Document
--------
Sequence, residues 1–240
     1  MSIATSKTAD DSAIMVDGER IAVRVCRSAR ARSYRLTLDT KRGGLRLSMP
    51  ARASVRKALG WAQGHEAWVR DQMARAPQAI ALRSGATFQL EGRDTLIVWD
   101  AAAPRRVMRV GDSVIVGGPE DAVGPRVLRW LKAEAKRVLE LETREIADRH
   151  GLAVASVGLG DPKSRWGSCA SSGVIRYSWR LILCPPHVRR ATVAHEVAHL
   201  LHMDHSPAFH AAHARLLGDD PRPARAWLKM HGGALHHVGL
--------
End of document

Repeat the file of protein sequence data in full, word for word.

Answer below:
Sequence, residues 1–240
     1  MSIATSKTAD DSAIMVDGER IAVRVCRSAR ARSYRLTLDT KRGGLRLSMP
    51  ARASVRKALG WAQGHEAWVR DQMARAPQAI ALRSGATFQL EGRDTLIVWD
   101  AAAPRRVMRV GDSVIVGGPE DAVGPRVLRW LKAEAKRVLE LETREIADRH
   151  GLAVASVGLG DPKSRWGSCA SSGVIRYSWR LILCPPHVRR ATVAHEVAHL
   201  LHMDHSPAFH AAHARLLGDD PRPARAWLKM HGGALHHVGL